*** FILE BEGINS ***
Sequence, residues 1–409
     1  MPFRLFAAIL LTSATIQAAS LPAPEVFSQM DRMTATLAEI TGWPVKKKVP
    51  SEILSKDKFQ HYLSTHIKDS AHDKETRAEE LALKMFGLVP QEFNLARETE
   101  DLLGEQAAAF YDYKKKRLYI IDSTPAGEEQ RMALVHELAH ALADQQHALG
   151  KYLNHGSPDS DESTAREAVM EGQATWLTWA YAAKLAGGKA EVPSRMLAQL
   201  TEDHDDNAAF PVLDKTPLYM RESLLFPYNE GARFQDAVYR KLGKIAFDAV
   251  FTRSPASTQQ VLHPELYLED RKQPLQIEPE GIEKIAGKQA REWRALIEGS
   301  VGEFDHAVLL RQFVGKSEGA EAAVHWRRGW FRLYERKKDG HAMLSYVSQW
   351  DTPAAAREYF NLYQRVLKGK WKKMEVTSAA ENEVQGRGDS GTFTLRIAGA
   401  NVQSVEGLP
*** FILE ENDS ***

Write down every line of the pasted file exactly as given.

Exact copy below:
Sequence, residues 1–409
     1  MPFRLFAAIL LTSATIQAAS LPAPEVFSQM DRMTATLAEI TGWPVKKKVP
    51  SEILSKDKFQ HYLSTHIKDS AHDKETRAEE LALKMFGLVP QEFNLARETE
   101  DLLGEQAAAF YDYKKKRLYI IDSTPAGEEQ RMALVHELAH ALADQQHALG
   151  KYLNHGSPDS DESTAREAVM EGQATWLTWA YAAKLAGGKA EVPSRMLAQL
   201  TEDHDDNAAF PVLDKTPLYM RESLLFPYNE GARFQDAVYR KLGKIAFDAV
   251  FTRSPASTQQ VLHPELYLED RKQPLQIEPE GIEKIAGKQA REWRALIEGS
   301  VGEFDHAVLL RQFVGKSEGA EAAVHWRRGW FRLYERKKDG HAMLSYVSQW
   351  DTPAAAREYF NLYQRVLKGK WKKMEVTSAA ENEVQGRGDS GTFTLRIAGA
   401  NVQSVEGLP